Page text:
Understanding & manipulation of peptide transporters using chemical & structural biology
Professor Gavin H Thomas (University of York)
“This CBMNet Proof-of-Concept project has proved pivotal in progressing our understanding of a bacterial transporter involved in body odour, and crucially how to target it with small molecule inhibitors. Key outputs have been a patent filing, scientific paper, and follow-up collaborations with partners at York and Oxford”
Dr Gordon James, Science Leader, Unilever
Industrial scale fermentations used in Industrial Biotechnology and Bioenergy, where media account for a large proportion of the overall cost, often use cheap complex substrates with organic nitrogen sources such as yeast extract & corn steep liquor. The peptide transporters that take up these nutrients are secondary transporters that are poorly studied at the biochemical & structural level & hence have not yet been targets of rational engineering.
The global deodorants industry is valued at around €10 billion and Unilever is the market leader, driven by sales of its 3 main brands, Rexona (Sure), Axe (Lynx) and Dove. Current product technology is based mainly on aluminium-containing antiperspirant salts (which also act as antimicrobials), antimicrobial solvents (ethanol, glycols) and fragrance. There is a demand for more targeted interventions, such as interfering directly with the formation of malodour at the molecular level. In this context, inhibiting the bacterial transporter responsible for the uptake of the key precursor to thiol-based malodour represents a completely novel approach that holds great potential. One particular member of the peptide transporter family is involved in the production of human malodour by Staphylococcus bacteria.
Dr Gavin Thomas is a Reader in Microbiology at the University of York. The research in his laboratory focuses mainly on membrane transport proteins in a range of bacteria.
Dr Thomas applied for CBMNet Proof-of-Concept funding along with Unilever and colleagues at The University of Sheffield & University of Oxford to develop a collaborative project aimed at using a chemistry-based approach to investigate the space of peptide-based inhibitors for these transporters, combined with a structural biology approach, in the odour-forming bacterium Staphylococcus hominis.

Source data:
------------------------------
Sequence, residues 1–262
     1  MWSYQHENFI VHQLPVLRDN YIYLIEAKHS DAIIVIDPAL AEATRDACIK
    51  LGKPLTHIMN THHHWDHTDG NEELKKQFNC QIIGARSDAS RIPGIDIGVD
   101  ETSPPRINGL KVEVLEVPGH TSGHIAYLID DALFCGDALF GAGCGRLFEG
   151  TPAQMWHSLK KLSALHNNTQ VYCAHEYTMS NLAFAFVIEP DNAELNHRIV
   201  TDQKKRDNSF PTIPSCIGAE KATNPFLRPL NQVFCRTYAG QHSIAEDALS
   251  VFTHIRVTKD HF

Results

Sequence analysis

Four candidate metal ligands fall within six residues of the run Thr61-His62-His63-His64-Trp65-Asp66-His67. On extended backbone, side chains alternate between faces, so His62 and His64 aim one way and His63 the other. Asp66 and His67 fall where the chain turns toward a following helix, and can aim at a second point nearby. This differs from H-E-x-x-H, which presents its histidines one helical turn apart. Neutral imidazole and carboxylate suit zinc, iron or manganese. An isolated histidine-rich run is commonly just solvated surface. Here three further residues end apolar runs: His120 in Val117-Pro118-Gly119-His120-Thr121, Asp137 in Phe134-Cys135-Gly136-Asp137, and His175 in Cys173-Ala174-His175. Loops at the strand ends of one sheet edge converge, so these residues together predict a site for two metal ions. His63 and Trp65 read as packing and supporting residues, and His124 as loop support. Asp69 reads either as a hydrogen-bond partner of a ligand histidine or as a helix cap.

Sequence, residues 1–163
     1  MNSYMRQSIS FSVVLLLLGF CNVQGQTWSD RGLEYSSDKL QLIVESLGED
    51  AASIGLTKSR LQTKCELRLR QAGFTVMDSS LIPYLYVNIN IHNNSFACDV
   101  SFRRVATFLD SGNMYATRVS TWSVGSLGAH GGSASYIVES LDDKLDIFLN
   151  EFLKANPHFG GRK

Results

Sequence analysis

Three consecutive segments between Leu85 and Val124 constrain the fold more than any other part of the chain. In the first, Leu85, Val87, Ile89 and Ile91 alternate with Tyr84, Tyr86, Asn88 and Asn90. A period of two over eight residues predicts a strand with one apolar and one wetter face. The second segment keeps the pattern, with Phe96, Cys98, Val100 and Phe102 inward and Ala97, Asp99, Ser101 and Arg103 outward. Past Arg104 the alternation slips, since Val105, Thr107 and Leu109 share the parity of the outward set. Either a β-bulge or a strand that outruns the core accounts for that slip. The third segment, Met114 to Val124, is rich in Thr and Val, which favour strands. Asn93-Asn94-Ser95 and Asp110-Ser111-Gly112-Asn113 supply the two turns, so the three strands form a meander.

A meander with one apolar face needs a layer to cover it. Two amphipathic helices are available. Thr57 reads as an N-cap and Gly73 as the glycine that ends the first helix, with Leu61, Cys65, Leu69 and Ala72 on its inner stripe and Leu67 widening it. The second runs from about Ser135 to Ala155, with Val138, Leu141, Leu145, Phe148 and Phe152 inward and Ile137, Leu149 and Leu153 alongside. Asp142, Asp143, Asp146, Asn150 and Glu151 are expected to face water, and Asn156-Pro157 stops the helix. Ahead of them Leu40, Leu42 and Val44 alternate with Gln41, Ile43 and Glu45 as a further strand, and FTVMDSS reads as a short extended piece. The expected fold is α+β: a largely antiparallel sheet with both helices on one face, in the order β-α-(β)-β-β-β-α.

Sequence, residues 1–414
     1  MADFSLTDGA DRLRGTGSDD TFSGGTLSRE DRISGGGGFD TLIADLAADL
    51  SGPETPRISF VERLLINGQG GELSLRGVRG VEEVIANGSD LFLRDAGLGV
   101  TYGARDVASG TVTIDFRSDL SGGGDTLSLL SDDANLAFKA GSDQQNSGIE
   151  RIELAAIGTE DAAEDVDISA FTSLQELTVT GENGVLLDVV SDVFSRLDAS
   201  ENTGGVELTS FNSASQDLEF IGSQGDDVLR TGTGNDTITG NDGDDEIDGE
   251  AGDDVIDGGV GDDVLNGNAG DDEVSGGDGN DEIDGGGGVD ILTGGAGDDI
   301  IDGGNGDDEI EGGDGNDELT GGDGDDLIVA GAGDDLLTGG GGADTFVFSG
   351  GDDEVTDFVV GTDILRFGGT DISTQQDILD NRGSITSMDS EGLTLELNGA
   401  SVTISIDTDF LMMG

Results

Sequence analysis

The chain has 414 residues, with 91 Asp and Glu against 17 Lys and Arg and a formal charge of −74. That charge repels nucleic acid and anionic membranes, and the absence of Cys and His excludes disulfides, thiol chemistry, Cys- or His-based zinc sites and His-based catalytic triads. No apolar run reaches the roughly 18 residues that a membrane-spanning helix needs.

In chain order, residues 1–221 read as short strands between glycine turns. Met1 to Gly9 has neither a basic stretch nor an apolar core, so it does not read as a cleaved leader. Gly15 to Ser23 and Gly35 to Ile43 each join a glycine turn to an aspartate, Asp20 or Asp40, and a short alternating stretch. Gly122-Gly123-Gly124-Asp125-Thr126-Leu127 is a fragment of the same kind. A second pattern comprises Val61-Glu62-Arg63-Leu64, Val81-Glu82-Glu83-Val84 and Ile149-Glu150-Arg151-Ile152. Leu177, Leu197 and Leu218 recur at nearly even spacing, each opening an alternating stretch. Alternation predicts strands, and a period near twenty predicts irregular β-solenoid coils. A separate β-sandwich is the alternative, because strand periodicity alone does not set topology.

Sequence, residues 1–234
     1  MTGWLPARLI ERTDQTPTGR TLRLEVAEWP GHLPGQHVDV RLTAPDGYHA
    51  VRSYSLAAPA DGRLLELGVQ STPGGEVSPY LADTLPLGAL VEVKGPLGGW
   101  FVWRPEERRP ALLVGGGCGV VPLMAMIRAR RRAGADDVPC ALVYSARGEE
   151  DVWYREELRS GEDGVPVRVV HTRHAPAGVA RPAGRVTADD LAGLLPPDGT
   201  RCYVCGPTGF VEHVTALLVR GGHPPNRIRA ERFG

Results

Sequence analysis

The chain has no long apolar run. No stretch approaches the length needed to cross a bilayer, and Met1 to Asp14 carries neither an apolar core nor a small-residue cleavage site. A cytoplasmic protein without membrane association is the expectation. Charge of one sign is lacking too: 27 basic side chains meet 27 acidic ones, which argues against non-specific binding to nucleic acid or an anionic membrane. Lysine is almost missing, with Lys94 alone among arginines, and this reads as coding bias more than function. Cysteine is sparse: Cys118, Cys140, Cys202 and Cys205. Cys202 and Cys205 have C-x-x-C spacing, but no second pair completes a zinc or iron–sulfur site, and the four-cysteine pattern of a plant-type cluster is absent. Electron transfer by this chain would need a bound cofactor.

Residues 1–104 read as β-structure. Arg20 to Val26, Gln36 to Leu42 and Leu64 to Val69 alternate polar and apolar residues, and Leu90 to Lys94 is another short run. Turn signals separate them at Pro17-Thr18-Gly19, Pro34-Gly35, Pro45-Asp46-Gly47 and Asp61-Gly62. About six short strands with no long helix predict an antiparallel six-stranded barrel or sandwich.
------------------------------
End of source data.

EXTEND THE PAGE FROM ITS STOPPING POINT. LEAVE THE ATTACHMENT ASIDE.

The project will lead to improved understanding of peptide transporter function & through their manipulation there is the potential to remove yield restrictions in large scale fermentations.
In this short Proof-of-Concept grant the team made significant progress in developing peptide transporters as targets for inhibition in biotechnological processes, completing all of its milestones.
The team was able to identify a number of small molecules that inhibit the function of their experimental system, a Cys-Gly-3M3SH transporter relevant to Unilever, giving them structural leads to the design of improved inhibitors.
They also made a significant breakthrough in solving the structure of this membrane transporter to 2 Å resolution, which gives unprecedented insight into how the protein is likely to recognise the substrate and how to rationally design further inhibitors.
The successful solution of the structure of the key protein involved in transporter of malodour precursors into S. hominis is an important result for Unilever. Further work will be needed beyond the project to try and co-crystallise the protein with relevant ligands and Unilever are in discussion with the University of Oxford to fund time to continue this work.
It is also likely that Unilever will patent some of these ideas and both York and Oxford will likely feature as inventors on this patent. Work will also be published in a high-impact journal late in 2017.
Dr Gavin Thomas has been awarded a 3-year BBSRC LINK grant with Unilever, which started April 2016, to continue to study the transporter and other enzymatic steps involved in thioalcohol production.
The team will also continue this work through the BBSRC iCASE scheme via the White Rose DTP scheme.
“The project was phenomenally successful due to our ability to combine our biochemical and genetic studies with the crystal structure of the transporter, which came from work in Prof. Simon Newstead’s lab in Oxford. Together we now understand precisely how the malodour precursor compound is recognised and therefore how we might potentially inhibit its function and more generally more about bacteria peptide transporter function and substrate recognition”
Dr Gavin H Thomas (project lead), University of York